After working for more than a year trying to improve legislative relations, the Minnesota Student Association passed a vote Tuesday for the Minnesota Student Legislative Coalition.
The MSLC will cover all five University campuses and the Graduate and Professional Student Association in representing students and their interests at the state Legislature.
“I’m excited, I don’t know how else to put it,” Chris Tastad, chairman of the MSLC said. “There has been so much work put in from so many parties in this process that it’s fantastic to see it come to fruition.”
Last year the MSLC was a concern for various members of MSA. However, the vote for the program passed unanimously during Tuesday’s forum in what speaker of the forum Drew Horwood described as “the shortest forum of the past three years.”
Since the Oct. 4 meeting, Tastad has been working with the coordinate campuses to organize their efforts and create a consensus on how the group is going to work together.
“Longevity is a major concern for me in making sure we’re doing things that are sustainable for many generations of the program,” Tastad said.
Currently, the Rochester and Crookston campuses don’t have established advocacy committees. But, Morris has recently become the first campus to ratify the coalition’s charter. The vote Tuesday put Twin Cities in as the second.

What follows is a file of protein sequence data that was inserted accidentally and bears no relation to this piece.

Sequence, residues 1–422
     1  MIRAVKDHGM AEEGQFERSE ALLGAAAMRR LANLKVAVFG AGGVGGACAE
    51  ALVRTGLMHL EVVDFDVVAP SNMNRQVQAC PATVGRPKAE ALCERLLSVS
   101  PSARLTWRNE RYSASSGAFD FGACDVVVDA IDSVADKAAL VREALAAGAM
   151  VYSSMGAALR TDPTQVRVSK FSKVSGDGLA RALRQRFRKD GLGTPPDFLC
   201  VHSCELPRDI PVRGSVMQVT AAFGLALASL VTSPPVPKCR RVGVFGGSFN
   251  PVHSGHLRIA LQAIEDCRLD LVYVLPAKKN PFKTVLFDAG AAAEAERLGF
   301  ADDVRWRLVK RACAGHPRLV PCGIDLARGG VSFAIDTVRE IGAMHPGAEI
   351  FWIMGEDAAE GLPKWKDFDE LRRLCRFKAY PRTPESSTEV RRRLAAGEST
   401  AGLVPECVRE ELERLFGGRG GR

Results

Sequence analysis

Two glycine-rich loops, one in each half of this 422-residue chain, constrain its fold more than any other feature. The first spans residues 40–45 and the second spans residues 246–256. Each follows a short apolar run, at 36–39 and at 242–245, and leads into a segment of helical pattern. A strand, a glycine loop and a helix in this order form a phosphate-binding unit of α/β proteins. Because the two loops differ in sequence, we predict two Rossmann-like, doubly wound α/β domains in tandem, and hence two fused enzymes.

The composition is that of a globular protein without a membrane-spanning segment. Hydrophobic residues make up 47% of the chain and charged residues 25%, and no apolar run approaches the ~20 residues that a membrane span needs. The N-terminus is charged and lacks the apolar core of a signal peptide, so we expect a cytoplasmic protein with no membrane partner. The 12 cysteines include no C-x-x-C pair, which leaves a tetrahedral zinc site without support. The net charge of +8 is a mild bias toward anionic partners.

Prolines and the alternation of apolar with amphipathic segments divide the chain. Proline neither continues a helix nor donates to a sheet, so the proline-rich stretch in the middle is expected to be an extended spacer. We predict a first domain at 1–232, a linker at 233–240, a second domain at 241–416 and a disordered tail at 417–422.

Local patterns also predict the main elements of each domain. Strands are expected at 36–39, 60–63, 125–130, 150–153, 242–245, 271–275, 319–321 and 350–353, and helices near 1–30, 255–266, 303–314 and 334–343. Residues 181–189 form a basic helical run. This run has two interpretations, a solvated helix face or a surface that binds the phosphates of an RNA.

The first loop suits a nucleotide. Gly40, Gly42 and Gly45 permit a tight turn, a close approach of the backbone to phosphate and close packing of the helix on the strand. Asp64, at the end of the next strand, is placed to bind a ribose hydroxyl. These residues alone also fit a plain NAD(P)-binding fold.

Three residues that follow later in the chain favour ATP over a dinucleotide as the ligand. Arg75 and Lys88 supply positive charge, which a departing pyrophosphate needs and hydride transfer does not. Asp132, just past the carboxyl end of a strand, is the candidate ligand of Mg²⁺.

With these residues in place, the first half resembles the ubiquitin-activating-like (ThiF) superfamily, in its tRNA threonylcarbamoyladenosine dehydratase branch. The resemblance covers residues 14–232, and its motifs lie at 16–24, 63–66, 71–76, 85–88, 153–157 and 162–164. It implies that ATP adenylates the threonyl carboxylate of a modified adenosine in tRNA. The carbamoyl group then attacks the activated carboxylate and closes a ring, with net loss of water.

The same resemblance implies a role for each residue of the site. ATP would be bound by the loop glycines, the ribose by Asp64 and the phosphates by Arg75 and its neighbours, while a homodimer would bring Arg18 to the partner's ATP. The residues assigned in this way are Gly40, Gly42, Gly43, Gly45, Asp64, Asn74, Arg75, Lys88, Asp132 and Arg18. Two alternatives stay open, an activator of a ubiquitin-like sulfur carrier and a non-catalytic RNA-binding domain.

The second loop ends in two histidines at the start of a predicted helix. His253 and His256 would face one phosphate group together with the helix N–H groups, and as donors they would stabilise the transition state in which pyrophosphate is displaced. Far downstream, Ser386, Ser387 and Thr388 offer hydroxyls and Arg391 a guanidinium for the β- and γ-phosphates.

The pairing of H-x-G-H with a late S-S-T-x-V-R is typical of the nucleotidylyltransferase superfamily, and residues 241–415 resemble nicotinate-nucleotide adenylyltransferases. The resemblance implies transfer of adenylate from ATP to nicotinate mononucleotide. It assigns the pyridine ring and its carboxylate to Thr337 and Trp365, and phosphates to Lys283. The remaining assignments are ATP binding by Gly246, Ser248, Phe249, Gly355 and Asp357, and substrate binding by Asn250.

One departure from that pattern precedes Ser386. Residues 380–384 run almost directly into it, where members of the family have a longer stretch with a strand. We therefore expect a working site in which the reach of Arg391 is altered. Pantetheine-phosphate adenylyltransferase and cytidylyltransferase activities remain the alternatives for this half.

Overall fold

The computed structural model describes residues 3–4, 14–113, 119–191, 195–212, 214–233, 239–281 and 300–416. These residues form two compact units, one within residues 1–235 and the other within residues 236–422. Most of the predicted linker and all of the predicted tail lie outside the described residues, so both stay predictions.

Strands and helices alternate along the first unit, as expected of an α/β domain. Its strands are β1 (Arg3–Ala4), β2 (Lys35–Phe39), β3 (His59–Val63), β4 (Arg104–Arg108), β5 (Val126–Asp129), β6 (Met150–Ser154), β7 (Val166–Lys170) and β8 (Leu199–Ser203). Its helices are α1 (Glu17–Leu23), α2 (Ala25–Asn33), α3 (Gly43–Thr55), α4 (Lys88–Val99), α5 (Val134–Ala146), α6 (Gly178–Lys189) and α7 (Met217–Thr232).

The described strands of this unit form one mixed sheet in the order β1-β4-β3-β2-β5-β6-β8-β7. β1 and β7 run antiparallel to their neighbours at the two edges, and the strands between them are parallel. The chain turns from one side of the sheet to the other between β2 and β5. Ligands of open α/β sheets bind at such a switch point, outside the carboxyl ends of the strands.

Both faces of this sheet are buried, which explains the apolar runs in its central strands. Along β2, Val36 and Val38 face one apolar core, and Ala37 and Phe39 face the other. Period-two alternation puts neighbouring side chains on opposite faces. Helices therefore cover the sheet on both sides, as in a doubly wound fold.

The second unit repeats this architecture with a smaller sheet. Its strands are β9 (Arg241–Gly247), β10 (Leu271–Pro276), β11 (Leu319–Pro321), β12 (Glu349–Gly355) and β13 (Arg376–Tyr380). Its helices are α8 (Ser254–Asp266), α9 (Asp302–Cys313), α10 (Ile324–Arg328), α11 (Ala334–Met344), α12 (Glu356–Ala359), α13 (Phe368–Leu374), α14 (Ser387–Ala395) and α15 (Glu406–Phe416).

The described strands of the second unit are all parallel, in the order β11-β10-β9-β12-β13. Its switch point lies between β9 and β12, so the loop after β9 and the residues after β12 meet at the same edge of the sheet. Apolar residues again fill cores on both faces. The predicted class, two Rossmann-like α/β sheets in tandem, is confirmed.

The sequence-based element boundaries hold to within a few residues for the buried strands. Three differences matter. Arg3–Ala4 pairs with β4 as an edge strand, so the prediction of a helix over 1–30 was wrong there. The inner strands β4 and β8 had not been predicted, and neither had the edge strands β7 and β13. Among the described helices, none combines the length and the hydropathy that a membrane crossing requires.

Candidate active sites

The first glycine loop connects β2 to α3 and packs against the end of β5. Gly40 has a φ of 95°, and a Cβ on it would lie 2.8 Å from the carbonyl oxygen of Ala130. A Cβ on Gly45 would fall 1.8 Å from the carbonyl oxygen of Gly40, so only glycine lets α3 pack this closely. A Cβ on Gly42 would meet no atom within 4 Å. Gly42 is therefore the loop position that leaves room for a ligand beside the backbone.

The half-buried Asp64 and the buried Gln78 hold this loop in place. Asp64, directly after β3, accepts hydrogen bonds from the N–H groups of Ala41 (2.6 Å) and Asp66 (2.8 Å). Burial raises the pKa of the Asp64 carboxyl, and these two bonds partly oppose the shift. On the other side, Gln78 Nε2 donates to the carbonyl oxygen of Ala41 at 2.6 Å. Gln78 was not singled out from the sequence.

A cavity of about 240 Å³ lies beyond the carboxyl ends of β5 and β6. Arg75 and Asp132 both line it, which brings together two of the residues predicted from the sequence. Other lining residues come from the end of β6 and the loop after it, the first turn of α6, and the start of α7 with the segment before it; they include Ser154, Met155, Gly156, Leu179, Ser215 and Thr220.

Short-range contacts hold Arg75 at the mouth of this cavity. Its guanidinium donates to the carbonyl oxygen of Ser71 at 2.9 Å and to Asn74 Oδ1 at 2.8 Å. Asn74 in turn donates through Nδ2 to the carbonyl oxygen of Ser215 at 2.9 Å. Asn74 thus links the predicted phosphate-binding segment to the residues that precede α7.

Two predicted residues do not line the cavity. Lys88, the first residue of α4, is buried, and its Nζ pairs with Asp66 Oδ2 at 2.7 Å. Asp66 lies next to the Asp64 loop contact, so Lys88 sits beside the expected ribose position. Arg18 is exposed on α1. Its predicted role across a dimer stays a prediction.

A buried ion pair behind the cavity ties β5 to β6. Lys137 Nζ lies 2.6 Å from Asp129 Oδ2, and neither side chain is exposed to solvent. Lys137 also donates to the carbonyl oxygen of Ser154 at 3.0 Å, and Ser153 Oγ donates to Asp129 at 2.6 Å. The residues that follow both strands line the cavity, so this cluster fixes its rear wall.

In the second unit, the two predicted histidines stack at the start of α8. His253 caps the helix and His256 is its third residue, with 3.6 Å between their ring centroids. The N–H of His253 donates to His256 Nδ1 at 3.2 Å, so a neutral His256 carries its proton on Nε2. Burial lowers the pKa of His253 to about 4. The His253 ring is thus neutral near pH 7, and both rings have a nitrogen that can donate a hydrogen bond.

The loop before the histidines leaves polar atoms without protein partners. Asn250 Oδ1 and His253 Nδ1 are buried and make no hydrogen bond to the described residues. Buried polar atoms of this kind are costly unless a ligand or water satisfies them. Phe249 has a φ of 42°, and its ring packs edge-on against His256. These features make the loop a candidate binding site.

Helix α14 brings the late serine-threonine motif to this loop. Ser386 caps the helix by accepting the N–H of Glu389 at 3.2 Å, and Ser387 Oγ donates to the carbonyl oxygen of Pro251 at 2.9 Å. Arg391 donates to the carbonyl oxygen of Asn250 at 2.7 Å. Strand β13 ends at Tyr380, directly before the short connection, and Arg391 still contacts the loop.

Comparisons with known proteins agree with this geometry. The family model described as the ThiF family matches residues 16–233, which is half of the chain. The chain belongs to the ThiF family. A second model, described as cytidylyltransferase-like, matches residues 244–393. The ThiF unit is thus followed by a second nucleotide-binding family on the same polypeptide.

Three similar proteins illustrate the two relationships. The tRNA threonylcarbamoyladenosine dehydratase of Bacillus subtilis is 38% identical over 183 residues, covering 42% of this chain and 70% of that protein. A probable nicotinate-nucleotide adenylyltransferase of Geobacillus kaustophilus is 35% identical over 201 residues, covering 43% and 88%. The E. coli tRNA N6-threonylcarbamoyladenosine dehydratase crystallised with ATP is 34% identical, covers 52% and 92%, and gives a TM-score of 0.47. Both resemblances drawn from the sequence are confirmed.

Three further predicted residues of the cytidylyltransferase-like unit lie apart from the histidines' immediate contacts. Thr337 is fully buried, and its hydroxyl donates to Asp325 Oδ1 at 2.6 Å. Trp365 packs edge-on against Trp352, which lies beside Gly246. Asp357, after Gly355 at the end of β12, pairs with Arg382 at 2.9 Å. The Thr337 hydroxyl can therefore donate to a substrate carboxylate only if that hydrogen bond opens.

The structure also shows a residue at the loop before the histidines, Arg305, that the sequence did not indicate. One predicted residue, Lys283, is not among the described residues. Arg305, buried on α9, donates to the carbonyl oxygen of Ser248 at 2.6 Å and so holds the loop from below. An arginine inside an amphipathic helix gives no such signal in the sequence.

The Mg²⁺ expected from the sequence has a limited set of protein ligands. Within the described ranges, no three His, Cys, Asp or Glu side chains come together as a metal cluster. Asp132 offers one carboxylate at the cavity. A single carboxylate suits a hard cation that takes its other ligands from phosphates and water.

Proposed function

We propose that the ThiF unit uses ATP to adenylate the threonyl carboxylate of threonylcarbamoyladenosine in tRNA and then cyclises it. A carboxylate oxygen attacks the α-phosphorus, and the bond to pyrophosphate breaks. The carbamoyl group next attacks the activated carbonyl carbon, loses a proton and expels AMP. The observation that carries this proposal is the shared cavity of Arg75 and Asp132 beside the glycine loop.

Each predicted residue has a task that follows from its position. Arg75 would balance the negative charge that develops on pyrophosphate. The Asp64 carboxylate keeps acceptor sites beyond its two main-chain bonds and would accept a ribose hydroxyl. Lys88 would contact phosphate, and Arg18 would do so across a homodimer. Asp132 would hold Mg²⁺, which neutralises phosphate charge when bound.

Training is currently underway for the group of advocates that will serve on the Twin Cities Advocacy Corps — the Twin Cities branch of the MSLC.
“The group is in the process of developing an idea of how they’re going to work at the Capitol and how they’re going to reach out to students for legislative issues,” Tastad, who also directs the advocacy corps, said.
Last Thursday, the MSLC gained endorsement from the University’s chief lobbyist Donna Peterson.
In a letter, Peterson, vice president of government relations for the University, wrote “the spirit behind the creation of this group and associated restructuring offers great promise for achieving the objective of strengthening the University of Minnesota for the benefits of students.”
The next big hurdle for the MSLC is putting out a platform that best represents all of the campuses and the needs of students.
General issues that might be taken to the capitol include more student involvement in decision making, tuition and financial support and access to people with disabilities.
For now, there is no specific timeline for the MSLC, but Tastad said he hopes to have it in full force by the end of the semester.
“We can see the finish line and now it’s time to really start the race,” he said. “There is so much momentum and so much development behind this group. I feel like we can really make things happen at the Capitol.”